With over 200 beds, this is a large facility. And it is located in a well-to-do suburb, Beachwood. And it has been fined hundreds of thousands of dollars for substandard care the killed people.
Park East Care and Rehab Center is a facility I’ve become familiar with from calls from the public. And with this new report, some of the serious concerns from state investigations have been highlighted.
One of the terrifying things I’ve found with nursing homes is how vulnerable you are. The more care you need, the more vulnerable you are. And the more dangerous it can be if the nursing home is understaffed or has poorly trained or monitored employees. You could need help moving in bed to prevent bedsores, or help eating and drinking to avoid dehydration.
That’s what makes the story the Plain Dealer reported so terrifying.
A man who had a tube inserted into his windpipe so he could breathe, called a tracheotomy. Those tubes, like our throats, can become filled with fluids.
But unlike our throats, you can’t just clear the tube yourself. You need someone to do it for you. Or you can’t breathe.
Overnight shifts are some of the worst-staffed shifts in nursing homes I’ve seen. But that doesn’t mean people do not need care.
As Caniglia & Corrigan report, things did not go well for this man overnight:
On Sept. 18, 2015, a 39-year-old male resident was admitted to the nursing home with severe respiratory issues. Records show he had a tracheostomy, a procedure in which a tube was inserted into his windpipe to allow him to breathe.
A doctor’s order required the nursing staff to suction the tubing every four hours. But state and federal reports regarding his treatments say there was no written indication that suctioning had been done at 12 a.m. or 4 a.m. on Sept. 21. At 6:30 a.m., he was found to be unresponsive. He later died.
According to a state report, the nursing home’s manager of clinical operations did an internal investigation and interviewed the registered nurse who cared for the resident. The nurse, according to the report, said the resident’s tracheostomy tube had become disconnected at 11:30 p.m., 30 minutes before the tubing was to be suctioned.
“He (the registered nurse) said that he did not think the resident required suctioning during his observations of him throughout the night,” according to a report by the Ohio Department of Health, which investigates complaints at nursing homes.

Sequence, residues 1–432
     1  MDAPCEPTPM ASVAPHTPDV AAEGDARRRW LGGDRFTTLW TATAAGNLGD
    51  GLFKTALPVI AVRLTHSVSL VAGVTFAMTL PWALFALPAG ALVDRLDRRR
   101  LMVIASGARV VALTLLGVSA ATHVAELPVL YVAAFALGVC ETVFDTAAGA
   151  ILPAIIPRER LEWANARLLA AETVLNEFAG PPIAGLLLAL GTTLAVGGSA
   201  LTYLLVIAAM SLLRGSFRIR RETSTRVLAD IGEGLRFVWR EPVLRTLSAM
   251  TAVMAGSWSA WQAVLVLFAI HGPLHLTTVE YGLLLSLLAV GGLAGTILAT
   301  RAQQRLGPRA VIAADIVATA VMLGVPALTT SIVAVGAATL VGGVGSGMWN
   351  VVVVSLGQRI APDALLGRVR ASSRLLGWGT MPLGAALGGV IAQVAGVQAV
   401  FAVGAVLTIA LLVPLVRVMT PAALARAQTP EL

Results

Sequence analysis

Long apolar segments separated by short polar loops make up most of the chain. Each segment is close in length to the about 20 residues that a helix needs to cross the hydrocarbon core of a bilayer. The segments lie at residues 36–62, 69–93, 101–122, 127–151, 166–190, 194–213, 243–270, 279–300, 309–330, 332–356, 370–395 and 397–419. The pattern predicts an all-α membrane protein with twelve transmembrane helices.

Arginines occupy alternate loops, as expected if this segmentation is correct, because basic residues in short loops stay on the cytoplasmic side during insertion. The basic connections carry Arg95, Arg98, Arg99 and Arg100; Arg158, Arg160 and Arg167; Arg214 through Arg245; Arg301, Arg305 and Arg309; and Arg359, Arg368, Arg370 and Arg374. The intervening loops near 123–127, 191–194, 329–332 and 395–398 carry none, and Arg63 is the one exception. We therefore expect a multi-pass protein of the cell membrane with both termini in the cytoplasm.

What’s worse? First, it’s only coming to light because the staff did not simply fill in the treatment sheets pretending they’d provided the care. That’s easy to do, especially when a facility is understaffed.
Second, no jury will ever hear about Ohio’s investigation. Why?
Because the Ohio General Assembly decided to protect dangerous nursing homes over keeping resident’s safe.
I’m glad the Plain Dealer is spending so much time and energy to help the public understand the crisis we find in nursing home care. Park East is one of many for-profit nursing homes making money from government funding while providing substandard care. Maybe if people have a better understanding of these issues, they’ll demand change at the statehouse.
It could not come soon enough.
What do you think of this care? What has you experience been with nursing homes? Have you experienced nursing home abuse, or been involved in nursing home lawsuits? Comment below.
New research presented at the 2017 International Stroke Conference taking place in Houston, Texas confirms childhood strokes may be linked to headaches, much more often than in adults.
As reported by MedPage Today:
For children 3 to 18 years of age, 46% of acute arterial ischemic strokes presented with headache, Lori L. Billinghurst, MD, of the University of Pennsylvania in Philadelphia, and colleagues reported here at the International Stroke Conference.
While the rate was 6% in those younger than 3 years, limited communication capability may have limited reporting, Billinghurst noted at a press conference.
She contrasted the high rate of headache in the older children with the rate of no more than 25% among adults in a prior prospective hospital-based registry.
That’s almost two times the rate of headaches reported for children at or near the time of an ischemic stroke. Given this new and critical finding, doctors need to pay attention.
Pediatricians and in particular emergency room doctors need to understand the difference in importance of headaches for children. Otherwise, they may not recognize the emergency. That will lead to more pediatric stroke malpractice for failure to diagnose.